Two of the biggest unions in the state, SEIU Local 1000 and the California Teachers Association, say they’ve moved away from that model. At least for now, they’re letting workers quit if they ask.

“Some have dropped. It hasn’t been this big stampede that maybe our opponents hoped it’d be,” said Eric Heins, president of the California Teachers Association, which represents more than 300,000 K-12 teachers.

You can check out, but you can’t leave

At least one union has adopted a policy of letting members quit, but continuing to charge them for representation.

AFSCME Local 3299, which represents University of California health workers, is charging former members a service fee that’s equivalent to full dues. John de los Angeles, spokesman for AFSCME 3299, said the union’s contract allows for the service fees and that members agreed to them when they joined.

“While fair share fees were required by law as a condition of employment for nonmembers, voluntary service fees are just that—voluntary. When workers agree to pay voluntary service fees, they’re committing to maintaining the strength of the organization in order to protect and expand the workplace rights that we’ve fought to win as a union,” he said.

The California Policy Center, a libertarian organization that is running a campaign to encourage public employees to quit their unions, discovered the fee. An AFSCME-represented worker received a letter on Oct. 5 describing the charge when the employee tried to quit the union. The worker gave the letter to the policy center.

Mark Bucher, the center’s chief executive, said the new service fee appears to contradict the Supreme Court’s decision in Janus. His organization is preparing lawsuits on behalf of workers who’ve been unable to quit their unions since the Janus decision.

“Get out means no longer pay money to the union,” he said. “That’s where they’re making the big mistake. They think they’ve come up with a scheme. ‘Yeah, we’ll let you out, but you have to keep paying us money.’ That was the exact holding in the Supreme Court case.”

Tommy Few, a Ventura teacher, is one of the public employees working with the California Policy Center to figure out how to separate from his union. He signed a membership card in February that commits him to United Teachers Los Angeles for at least 12 months.

He’s a conservative-leaning voter who doesn’t like the Democratic candidates favored by his union, and he’s frustrated that he hasn’t been able to leave the organization. “They don’t want to let me go because they want my money. They don’t give two cents about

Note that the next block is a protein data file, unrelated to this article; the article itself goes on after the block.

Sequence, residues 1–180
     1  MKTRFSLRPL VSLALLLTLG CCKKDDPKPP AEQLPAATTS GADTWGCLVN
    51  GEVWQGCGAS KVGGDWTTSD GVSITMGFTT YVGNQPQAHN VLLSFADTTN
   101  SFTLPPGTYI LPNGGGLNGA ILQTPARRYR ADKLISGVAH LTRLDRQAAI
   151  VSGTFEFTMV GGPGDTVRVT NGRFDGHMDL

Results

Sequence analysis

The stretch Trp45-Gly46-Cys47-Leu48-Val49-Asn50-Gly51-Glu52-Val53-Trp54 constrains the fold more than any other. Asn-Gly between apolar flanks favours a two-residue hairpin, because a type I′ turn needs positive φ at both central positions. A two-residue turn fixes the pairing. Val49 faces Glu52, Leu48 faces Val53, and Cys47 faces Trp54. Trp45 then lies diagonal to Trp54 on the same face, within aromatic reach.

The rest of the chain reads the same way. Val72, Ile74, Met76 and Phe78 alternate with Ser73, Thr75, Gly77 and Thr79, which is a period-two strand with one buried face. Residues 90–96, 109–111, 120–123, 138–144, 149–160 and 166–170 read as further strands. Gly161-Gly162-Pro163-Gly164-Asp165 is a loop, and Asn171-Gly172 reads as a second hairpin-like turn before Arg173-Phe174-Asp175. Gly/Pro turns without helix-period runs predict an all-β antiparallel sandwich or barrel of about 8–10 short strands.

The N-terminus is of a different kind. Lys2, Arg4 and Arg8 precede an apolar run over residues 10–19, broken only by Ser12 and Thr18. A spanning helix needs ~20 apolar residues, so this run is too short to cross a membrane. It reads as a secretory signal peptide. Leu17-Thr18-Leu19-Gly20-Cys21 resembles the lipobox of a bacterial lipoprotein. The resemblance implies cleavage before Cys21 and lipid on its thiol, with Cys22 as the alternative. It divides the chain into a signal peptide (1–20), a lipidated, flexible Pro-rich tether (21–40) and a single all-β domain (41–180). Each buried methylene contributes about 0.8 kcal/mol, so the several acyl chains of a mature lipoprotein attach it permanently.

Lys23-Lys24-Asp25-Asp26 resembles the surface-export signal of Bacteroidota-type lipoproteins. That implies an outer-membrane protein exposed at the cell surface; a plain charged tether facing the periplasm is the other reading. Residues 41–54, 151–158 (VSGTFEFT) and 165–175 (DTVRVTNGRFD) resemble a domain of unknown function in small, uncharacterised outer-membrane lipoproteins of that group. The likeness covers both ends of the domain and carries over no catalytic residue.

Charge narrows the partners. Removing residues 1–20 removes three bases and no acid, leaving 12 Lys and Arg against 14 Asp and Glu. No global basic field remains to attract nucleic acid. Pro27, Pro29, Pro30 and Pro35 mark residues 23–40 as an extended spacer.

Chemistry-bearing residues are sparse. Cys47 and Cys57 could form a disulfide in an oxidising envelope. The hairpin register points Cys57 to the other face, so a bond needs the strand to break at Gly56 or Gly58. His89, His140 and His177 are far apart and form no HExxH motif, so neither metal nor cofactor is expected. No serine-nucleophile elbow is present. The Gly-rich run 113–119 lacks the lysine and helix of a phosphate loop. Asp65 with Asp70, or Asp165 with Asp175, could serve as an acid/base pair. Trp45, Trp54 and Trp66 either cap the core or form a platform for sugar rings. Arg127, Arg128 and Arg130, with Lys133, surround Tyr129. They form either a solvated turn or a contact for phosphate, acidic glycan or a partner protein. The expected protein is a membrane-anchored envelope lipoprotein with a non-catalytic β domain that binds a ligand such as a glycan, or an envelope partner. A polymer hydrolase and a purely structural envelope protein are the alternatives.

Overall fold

Tom the person,” said Few, 53.

‘Flocking to the union’

Around the state, public sector unions are rethinking how they promote themselves to prepare for the day when their contracts expire and more workers can choose to separate from them. Those pitches tend to center on workplace issues rather than political endorsements.

SEIU Local 1000 earlier this summer held a board meeting where it set a goal of persuading 75 percent of the 96,000 workers it represents to join the union, up from about 60 percent today. Its recent weekly newsletters prominently feature the services it offers to members.

“We provide the most extraordinary service. You’re not going to get a better a service for a better cost,” said Coby Pizzotti, a lobbyist for the California Association of Psychiatric Technicians. The union has a high membership rate north of 90 percent. It connects with workers by having its stewards walk the halls of the state hospitals and prisons where the mental health workers help treat troubled patients.

A good contract helps, too. In Stanislaus County, local government employees represented by SEIU Local 521 are holding demonstrations to press for wage increases in an upcoming contract. Union leader Kate Selover said membership has held at 94 percent, and hundreds of employees joined her at a Board of Supervisors meeting recently to make their case.

“Since the Janus decision, I’ve seen people flocking to the union,” she said. “We’ve signed up more members than we lost.”